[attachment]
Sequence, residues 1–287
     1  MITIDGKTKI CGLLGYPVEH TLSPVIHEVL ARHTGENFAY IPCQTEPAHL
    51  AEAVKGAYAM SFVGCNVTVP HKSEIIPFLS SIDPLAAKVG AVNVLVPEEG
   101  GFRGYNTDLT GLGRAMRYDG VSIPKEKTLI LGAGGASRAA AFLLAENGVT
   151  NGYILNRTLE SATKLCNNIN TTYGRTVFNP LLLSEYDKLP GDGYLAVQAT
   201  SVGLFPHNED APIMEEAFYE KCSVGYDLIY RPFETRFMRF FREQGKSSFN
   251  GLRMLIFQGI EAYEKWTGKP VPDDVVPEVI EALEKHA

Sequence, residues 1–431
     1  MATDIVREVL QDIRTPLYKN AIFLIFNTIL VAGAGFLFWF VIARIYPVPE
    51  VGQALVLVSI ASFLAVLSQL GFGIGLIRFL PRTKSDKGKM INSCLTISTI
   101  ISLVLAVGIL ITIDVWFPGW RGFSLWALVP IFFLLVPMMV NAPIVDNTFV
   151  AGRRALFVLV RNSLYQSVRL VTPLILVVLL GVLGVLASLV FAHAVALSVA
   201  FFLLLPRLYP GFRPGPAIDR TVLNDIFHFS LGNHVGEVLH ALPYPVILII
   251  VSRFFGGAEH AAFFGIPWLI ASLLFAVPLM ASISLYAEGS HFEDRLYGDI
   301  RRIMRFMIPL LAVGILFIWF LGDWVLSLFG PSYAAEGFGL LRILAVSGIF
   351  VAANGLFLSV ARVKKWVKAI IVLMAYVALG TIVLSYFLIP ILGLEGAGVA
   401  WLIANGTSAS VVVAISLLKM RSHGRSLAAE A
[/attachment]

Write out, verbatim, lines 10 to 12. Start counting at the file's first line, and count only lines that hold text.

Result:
    51  VGQALVLVSI ASFLAVLSQL GFGIGLIRFL PRTKSDKGKM INSCLTISTI
   101  ISLVLAVGIL ITIDVWFPGW RGFSLWALVP IFFLLVPMMV NAPIVDNTFV
   151  AGRRALFVLV RNSLYQSVRL VTPLILVVLL GVLGVLASLV FAHAVALSVA